The ‘Shelter At Home’ program is a great idea for those who did not have the means to disassemble their homes and treat for mold following the ‘Great Flood of 2016.’
However, that is where the scope of work should have stopped, and the program should have come into the spotlight much, much earlier than it did.
For reference, the ‘Shelter at Home’ program offers up to $15,000 to have your home gutted, treated for mold, and then re-built to a ‘livable’ standard. The reason for the re-construction process is to try and get residents back into their homes as temporary housing options in the Baton Rouge area disappeared very quickly.
The re-building portion either should not have been offered, or the payout should have been increased.
Rewind to the days, even the first few weeks following the flood. The main topic of discussion? No, it wasn’t FEMA just yet - people wanted to know how to properly clean out their houses.
Frequently asked questions by residents included how much sheetrock should I cut out? What about the insulation? Do I need to remove my cabinets? How dry do my studs need to be? How do I treat for mold?
Many of those questions were answered by media outlets, friends, contractors (some good, some bad), religious groups... anyone who was out-and-about helping, or pretending to help. Armed with that information, many individuals were able to gut their homes many weeks ago.
Now, five weeks after the catastrophe, the fine print in the ‘Shelter At Home’ program still hasn’t been ironed out - due in large part to questions about mobile homes.
Too little, too late for a lot of people considering many of the homes that were never gutted are now overtaken by mold and damage from post-flood issues.
Many don’t need the first part of the service because, as mentioned, they already used the available information to clean their house.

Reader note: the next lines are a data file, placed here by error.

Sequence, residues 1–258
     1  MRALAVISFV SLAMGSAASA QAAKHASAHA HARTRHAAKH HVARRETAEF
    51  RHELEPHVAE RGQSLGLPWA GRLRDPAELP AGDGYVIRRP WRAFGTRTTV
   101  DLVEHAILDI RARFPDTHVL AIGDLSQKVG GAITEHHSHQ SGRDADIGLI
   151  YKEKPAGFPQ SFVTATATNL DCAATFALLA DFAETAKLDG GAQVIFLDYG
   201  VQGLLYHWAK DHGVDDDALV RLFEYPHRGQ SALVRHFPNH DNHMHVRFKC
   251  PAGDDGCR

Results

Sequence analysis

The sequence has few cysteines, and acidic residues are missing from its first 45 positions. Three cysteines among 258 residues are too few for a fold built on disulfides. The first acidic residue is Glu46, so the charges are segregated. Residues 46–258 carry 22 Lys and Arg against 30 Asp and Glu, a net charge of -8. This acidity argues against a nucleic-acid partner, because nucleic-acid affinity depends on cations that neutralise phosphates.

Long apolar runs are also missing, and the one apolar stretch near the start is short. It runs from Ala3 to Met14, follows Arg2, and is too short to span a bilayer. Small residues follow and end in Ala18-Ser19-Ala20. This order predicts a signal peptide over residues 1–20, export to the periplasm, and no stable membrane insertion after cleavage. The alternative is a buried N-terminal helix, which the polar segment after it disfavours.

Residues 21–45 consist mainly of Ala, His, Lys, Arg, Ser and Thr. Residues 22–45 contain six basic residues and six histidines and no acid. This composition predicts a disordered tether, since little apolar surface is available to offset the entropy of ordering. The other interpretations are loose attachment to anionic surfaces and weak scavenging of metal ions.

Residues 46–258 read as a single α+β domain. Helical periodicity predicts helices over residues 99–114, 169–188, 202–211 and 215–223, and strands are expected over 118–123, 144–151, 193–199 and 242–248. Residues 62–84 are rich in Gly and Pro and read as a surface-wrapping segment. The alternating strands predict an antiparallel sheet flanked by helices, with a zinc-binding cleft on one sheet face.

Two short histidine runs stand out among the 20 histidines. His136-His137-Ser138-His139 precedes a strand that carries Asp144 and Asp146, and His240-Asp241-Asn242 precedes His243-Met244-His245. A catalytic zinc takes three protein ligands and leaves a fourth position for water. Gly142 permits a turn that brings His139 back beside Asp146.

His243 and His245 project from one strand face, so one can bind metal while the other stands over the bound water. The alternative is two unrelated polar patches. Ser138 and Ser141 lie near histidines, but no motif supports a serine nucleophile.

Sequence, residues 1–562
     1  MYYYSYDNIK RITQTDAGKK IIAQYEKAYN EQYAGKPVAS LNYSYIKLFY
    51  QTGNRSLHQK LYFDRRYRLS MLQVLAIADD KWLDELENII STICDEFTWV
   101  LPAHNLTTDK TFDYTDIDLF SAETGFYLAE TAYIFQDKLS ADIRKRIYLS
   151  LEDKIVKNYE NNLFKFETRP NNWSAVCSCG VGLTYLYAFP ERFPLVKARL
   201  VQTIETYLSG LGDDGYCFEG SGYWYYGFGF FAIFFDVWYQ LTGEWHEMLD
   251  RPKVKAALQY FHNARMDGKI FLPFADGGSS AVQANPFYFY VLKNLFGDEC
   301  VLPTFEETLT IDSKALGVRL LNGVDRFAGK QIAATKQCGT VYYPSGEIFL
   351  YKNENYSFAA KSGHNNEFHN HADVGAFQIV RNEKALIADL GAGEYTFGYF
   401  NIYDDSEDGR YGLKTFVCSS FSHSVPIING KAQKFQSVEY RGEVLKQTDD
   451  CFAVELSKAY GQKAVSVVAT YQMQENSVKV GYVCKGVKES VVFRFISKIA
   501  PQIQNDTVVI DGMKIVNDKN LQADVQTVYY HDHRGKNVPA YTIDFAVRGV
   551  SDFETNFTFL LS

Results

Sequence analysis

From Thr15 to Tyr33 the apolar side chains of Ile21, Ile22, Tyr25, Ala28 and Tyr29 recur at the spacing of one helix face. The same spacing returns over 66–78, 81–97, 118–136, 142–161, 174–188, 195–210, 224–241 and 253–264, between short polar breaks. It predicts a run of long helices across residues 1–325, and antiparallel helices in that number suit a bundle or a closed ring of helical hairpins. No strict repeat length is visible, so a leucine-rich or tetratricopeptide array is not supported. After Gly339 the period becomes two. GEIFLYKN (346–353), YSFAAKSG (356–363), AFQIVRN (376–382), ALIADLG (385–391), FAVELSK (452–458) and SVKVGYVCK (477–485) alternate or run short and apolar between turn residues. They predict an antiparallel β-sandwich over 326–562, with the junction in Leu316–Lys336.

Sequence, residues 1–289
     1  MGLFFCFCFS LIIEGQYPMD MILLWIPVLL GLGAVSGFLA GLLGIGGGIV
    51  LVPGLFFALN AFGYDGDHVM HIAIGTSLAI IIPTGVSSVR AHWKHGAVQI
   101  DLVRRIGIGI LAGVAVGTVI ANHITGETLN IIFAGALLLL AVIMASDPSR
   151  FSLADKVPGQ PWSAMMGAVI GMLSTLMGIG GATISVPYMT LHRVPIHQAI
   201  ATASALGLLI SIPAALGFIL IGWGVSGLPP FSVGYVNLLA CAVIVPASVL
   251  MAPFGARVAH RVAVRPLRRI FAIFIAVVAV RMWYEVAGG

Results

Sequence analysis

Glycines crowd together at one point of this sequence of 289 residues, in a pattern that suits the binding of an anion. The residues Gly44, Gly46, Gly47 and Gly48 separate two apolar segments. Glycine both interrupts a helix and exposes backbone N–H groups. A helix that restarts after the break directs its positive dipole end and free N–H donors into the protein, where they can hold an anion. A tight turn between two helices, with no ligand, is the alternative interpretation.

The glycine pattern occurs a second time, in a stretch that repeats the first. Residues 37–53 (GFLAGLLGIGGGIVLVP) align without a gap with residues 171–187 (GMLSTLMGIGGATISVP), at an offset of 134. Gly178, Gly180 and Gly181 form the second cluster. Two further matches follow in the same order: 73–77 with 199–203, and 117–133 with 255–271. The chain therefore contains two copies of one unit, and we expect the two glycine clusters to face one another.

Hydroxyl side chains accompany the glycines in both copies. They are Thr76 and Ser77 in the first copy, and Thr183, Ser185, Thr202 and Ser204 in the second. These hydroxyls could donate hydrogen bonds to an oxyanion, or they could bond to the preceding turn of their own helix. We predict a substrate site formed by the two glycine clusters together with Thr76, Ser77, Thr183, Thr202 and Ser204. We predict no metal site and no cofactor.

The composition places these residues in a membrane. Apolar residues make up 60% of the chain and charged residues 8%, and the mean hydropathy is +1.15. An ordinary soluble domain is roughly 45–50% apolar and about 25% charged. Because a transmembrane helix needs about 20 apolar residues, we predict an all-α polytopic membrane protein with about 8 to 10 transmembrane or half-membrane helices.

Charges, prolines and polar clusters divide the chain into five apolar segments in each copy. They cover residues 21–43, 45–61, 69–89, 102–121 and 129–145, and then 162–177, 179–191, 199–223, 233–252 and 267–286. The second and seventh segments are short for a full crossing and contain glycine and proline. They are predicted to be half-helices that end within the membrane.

Perhaps many people still need help gutting their home, and while the damage may be severe at this point, $15,000 is still a good payout for cleanup and mold remediation.
However, when getting into sheetrock work to make the home livable? That’s another situation entirely.
Currently, FEMA is using $80 per square foot to determine the damage amount on homes. That figure includes things like flooring, cabinetry, and walls. Take a quarter of that, $20 per square foot, for wall-work.
$15,000, at $20 per square foot for wall work, comes out to 750 square feet - less than half the size of many homes in Livingston Parish which flooded and were not substantially damaged (over 18 inches, 50% or more damage to the value of the home).
Should it come at any surprise that pictures and videos of the ‘Shelter at Home’ finished product, complete with shoddy work, lack of caring on the ‘state approved contractor,’ and some passionate words from residents?
Note that the $15,000 estimate provided would be for a home that was already gutted and cleaned, showing only the cost of putting up new walls. The figure did not include any homes which also needed to be cleaned first. Keep in mind, as well, that a clean home isn’t necessarily a ‘dry’ home - wood studs have to be dried first, before sheetrock can be floated.
The $15,000 figure was probably the low bidder, as is customary with any governmental bid situation these days. One wonders, however, if anyone involved in the process took a look at the $15,000 figure and said to themselves, ‘That doesn’t look right.’
Why is this a problem? Shouldn’t people be happy that the government is at least willing to spend a few dollars to try and get their house put back together?
If the work was ‘just good enough,’ maybe that line of reasoning will work, however - if the re-construction efforts have to be torn down and re-done since the work was so bad, why are they done at all?
The fact that some people may have been excluded from the program could be a blessing in disguise.
It will be some time before the final figures are tallied to see if the program was successful in its goal, or not, but this disaster was not Katrina - the water did not keep people out for long, and those folks got their homes clean as soon as possible.
What most citizens who were affected needed was proper work done on their home, at an appropriate price and skill, so that they could live at home. Some are able to move back in, but in most cases its due to the sweat from their own brow.
Don’t take the money, either, if its offered but you don’t plan to use it toward the program. The big thing governmental entities learned from Katrina? They audit, and then they come get their money back.